I am maintaining a mode for a programming language with... let's say "annoying" syntax constructs.
For example, the angle brackets (no idea if it is the correct word)
> are parentheses. However, the word
-> is also a valid
token, does not count as a closing parenthesis, and to top it all,
should only occur inside a pair of
If I understand correctly, there is no way to get emacs to recognise this using only syntax tables, is that correct?
Hence the question: the mode is using
smie for what cannot be done
with syntax tables, and smie is also the
canonical answer to define multi-character parens. So I guess that I will have to get smie to replace the syntax table for this pair of parentheses.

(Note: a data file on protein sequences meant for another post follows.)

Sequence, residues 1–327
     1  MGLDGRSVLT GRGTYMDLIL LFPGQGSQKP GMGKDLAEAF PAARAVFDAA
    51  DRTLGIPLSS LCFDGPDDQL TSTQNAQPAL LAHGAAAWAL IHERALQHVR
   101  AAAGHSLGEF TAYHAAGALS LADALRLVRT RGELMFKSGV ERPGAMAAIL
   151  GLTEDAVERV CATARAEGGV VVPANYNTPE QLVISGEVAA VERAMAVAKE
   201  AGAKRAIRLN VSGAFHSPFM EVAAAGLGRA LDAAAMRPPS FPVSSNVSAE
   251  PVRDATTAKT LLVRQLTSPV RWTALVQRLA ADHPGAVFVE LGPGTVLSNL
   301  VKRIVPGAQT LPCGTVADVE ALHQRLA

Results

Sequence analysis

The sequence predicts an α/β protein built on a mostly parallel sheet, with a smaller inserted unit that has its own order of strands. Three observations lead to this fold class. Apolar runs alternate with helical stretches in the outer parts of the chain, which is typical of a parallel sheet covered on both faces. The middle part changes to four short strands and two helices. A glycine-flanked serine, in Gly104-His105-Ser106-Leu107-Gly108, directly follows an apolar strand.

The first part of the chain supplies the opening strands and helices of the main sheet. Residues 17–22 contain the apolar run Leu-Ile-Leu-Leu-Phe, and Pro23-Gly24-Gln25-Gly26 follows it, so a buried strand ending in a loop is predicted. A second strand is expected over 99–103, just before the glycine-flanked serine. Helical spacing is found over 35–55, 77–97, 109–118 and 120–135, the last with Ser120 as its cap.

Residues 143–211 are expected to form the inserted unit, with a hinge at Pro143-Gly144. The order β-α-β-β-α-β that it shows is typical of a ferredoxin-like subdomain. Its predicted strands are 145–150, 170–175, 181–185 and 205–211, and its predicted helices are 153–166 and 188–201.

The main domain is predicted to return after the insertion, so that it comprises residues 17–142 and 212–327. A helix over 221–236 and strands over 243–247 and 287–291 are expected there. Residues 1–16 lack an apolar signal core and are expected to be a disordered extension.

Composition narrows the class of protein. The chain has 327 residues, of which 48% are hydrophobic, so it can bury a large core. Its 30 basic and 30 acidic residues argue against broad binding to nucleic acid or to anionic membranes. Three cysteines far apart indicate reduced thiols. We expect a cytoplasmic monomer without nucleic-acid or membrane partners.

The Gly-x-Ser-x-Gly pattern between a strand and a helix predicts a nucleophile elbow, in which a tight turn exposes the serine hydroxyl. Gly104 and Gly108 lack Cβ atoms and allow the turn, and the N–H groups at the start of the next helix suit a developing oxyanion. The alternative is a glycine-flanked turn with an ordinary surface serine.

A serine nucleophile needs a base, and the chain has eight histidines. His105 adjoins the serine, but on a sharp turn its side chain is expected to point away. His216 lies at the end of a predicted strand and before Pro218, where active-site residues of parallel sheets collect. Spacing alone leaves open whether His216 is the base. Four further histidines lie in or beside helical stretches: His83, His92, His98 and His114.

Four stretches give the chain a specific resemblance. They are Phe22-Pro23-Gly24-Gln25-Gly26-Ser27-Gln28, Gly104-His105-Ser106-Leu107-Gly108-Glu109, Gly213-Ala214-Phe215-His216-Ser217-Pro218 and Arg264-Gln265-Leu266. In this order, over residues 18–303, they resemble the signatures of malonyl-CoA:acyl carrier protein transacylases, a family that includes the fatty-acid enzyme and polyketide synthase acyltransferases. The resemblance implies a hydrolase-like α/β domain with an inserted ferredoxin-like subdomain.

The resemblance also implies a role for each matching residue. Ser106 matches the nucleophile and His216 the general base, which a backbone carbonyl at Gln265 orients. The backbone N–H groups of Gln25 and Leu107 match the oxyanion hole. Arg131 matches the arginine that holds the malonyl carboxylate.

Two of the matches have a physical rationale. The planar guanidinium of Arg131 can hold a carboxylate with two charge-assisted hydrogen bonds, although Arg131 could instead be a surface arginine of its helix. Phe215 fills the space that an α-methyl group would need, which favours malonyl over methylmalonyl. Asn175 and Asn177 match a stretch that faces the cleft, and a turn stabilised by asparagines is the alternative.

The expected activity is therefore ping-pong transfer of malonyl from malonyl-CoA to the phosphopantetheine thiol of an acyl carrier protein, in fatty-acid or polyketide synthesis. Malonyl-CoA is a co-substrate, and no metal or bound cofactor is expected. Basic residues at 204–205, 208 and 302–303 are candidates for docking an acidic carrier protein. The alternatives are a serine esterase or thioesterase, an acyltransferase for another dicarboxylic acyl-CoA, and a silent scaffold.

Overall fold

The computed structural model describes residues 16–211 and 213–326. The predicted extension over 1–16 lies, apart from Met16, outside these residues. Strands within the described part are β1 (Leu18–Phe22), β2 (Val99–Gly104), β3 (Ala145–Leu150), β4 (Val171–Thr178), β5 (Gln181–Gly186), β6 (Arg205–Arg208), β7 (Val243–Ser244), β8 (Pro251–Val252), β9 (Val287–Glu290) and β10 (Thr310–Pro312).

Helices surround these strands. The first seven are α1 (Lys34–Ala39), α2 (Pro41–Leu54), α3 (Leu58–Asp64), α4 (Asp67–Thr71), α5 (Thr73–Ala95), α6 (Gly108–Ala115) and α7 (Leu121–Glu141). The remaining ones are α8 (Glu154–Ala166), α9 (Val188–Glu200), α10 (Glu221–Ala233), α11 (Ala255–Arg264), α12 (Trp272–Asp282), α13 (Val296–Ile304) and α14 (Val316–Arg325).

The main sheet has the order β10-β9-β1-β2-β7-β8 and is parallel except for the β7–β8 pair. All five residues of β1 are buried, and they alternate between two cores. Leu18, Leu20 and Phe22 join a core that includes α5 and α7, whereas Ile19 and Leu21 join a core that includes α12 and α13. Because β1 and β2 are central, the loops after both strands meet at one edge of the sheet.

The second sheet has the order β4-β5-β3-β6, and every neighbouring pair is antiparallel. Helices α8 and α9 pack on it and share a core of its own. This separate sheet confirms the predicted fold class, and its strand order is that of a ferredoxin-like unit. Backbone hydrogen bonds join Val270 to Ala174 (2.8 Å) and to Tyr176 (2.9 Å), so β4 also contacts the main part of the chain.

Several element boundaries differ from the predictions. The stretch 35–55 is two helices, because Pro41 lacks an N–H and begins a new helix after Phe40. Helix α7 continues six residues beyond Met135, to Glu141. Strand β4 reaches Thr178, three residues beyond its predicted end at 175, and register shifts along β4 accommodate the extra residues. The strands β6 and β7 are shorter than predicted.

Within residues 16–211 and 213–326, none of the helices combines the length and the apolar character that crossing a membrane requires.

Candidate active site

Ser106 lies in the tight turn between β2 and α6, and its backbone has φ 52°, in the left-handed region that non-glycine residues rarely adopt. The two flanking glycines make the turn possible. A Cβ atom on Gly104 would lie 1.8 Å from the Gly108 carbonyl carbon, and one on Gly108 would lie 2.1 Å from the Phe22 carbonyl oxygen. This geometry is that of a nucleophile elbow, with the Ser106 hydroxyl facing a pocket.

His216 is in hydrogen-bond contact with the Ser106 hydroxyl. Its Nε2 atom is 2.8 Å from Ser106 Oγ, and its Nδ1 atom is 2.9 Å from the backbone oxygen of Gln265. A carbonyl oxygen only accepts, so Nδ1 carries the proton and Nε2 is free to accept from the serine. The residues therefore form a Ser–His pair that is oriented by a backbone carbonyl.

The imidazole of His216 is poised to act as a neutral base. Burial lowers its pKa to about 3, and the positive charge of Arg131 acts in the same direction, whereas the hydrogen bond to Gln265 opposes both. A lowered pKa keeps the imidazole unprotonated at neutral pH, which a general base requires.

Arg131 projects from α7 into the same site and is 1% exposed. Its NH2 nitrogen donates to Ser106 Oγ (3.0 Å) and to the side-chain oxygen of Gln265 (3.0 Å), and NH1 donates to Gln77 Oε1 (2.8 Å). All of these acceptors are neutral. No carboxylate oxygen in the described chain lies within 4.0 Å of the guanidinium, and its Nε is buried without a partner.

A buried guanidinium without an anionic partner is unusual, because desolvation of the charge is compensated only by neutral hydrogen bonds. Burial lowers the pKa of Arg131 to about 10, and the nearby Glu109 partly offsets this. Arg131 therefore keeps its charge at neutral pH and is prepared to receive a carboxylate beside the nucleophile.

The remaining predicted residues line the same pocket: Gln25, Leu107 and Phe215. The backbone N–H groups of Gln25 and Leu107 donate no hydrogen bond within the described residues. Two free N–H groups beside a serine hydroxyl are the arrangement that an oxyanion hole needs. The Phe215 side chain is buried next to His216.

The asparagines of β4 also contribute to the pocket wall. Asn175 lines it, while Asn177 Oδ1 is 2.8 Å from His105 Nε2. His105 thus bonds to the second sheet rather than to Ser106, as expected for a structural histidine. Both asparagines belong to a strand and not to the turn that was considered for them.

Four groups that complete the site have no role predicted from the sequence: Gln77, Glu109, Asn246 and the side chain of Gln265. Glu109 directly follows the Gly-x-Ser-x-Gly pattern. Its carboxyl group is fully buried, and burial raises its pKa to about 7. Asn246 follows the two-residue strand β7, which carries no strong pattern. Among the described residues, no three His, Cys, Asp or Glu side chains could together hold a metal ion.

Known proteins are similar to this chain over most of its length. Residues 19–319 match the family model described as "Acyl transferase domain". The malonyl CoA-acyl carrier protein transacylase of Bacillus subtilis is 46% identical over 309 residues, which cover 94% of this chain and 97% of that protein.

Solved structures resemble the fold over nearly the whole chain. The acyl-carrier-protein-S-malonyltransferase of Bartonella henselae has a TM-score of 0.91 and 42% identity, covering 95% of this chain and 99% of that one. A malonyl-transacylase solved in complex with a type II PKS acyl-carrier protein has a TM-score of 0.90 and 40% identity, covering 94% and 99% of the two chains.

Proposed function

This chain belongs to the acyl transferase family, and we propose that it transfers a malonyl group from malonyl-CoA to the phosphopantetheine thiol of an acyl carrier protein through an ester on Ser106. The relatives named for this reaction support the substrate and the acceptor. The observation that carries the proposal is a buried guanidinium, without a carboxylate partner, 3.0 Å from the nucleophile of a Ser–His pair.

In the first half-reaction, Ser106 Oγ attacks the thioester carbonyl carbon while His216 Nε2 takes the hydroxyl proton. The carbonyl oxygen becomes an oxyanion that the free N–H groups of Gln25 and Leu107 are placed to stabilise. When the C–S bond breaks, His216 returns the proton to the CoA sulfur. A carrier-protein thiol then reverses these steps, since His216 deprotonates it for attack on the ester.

The question is: what does need to be set up in smie, in order to replace syntax table features for a particular paren pair?
The question is motivated by the manual: it is advised to let syntax tables do their job whenever possible. Hence, I'm afraid that with a naive set-up, I will run into problems later, or worse, that it will cause problems behind the scenes.
What I can think of (aka the "naive set-up" mentioned above):
- removing the paren category for characters
>in the syntax table;
("<" whatever ">")in the BNF grammar;
- making the lexer recognize the token
">") instead of
Is it enough?
And, in case it would actually be, bonus question: is there any good reason to leave the handling of sexps to the syntax table instead of smie?